NDP leaves spring sitting at legislature facing turmoil in public housing management

·1 min read

VICTORIA — The New Democrat government in British Columbia started the spring legislative session promising more affordable homes for vulnerable people, but it ends the sitting amid turmoil over its public housing agency.

An Ernst and Young audit found mismanagement and risk to public dollars at the Crown corporation BC Housing, and has the government facing sharp criticism as it leaves the legislature pledging tighter controls.

The audit concluded there was mismanagement related to a conflict of interest between Shayne Ramsay, the former chief executive officer at BC Housing, and his spouse, Janice Abbott, who is CEO at Atira Women's Resource Society, the corporation's largest housing operator.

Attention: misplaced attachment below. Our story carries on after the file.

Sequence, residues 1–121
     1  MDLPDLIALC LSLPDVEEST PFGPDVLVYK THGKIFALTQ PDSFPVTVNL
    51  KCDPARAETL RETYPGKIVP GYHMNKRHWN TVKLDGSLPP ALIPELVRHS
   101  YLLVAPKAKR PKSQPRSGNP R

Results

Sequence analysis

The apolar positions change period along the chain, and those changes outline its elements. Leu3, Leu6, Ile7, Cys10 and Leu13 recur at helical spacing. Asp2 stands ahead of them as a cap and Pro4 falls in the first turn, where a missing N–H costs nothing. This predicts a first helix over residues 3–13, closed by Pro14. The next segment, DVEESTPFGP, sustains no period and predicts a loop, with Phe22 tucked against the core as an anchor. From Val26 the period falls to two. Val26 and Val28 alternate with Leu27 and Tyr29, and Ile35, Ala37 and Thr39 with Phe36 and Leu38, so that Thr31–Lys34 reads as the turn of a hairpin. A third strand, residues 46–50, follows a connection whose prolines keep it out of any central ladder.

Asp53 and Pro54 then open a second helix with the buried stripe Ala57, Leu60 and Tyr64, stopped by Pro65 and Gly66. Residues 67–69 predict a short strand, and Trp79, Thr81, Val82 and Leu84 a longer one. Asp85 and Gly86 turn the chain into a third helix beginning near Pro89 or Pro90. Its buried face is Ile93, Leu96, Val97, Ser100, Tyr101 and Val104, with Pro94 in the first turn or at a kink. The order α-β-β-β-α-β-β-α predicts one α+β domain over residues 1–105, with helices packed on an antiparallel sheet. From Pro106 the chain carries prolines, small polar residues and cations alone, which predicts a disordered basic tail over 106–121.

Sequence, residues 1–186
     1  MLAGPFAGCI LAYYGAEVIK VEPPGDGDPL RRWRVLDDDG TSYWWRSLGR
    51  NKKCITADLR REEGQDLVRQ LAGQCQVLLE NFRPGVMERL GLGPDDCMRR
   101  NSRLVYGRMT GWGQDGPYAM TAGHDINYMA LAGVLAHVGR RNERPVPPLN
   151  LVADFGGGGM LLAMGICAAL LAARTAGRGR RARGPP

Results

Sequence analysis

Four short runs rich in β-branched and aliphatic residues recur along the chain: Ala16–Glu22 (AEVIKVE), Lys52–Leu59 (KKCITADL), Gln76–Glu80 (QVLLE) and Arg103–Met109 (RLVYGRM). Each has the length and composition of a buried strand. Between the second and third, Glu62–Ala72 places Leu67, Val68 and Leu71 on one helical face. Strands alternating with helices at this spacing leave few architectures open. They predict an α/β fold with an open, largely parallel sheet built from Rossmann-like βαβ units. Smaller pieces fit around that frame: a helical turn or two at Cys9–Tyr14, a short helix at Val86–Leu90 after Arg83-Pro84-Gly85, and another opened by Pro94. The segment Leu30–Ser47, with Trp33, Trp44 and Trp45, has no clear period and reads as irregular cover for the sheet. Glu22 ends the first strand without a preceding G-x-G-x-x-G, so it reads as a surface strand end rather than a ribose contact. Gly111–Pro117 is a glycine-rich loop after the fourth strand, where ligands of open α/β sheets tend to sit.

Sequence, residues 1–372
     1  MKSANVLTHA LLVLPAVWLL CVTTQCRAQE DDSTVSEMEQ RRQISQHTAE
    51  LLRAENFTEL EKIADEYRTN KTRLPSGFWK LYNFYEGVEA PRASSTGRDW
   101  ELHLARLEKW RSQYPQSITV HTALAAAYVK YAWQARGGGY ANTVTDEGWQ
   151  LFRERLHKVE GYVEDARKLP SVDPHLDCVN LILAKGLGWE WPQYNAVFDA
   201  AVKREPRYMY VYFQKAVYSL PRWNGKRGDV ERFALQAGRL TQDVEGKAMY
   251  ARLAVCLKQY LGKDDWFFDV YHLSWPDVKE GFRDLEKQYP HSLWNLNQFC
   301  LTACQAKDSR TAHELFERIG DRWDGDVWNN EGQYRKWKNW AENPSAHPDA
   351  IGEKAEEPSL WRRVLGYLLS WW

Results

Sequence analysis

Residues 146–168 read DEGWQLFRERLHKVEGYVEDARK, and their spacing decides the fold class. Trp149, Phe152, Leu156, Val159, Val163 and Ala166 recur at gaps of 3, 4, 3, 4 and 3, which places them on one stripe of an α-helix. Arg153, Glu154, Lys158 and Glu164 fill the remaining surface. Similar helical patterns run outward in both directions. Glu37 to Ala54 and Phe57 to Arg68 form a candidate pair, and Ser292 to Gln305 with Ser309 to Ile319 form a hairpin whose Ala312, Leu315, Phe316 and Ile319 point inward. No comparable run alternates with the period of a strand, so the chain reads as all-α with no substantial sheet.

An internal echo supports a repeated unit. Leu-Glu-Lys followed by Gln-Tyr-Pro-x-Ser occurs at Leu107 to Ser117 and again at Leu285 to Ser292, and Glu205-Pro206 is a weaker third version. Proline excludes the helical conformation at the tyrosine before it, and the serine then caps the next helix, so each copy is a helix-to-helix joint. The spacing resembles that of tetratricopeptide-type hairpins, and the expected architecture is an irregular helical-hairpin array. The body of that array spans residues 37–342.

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Housing Minister Ravi Kahlon says the government will continue to provide housing to people who need it most, but for now has halted new funding to Atira and will launch another audit.

Opposition BC United Leader Kevin Falcon says the report uncovers a scandal that points toward Premier David Eby, a former housing minister.

Kahlon says the government passed 25 pieces of legislation this spring, including new laws that allow police to seize proceeds of crime, help close the gender pay gap and make the National Day for Truth and Reconciliation at statutory holiday.

This report by The Canadian Press was first published May 11, 2023.

The Canadian Press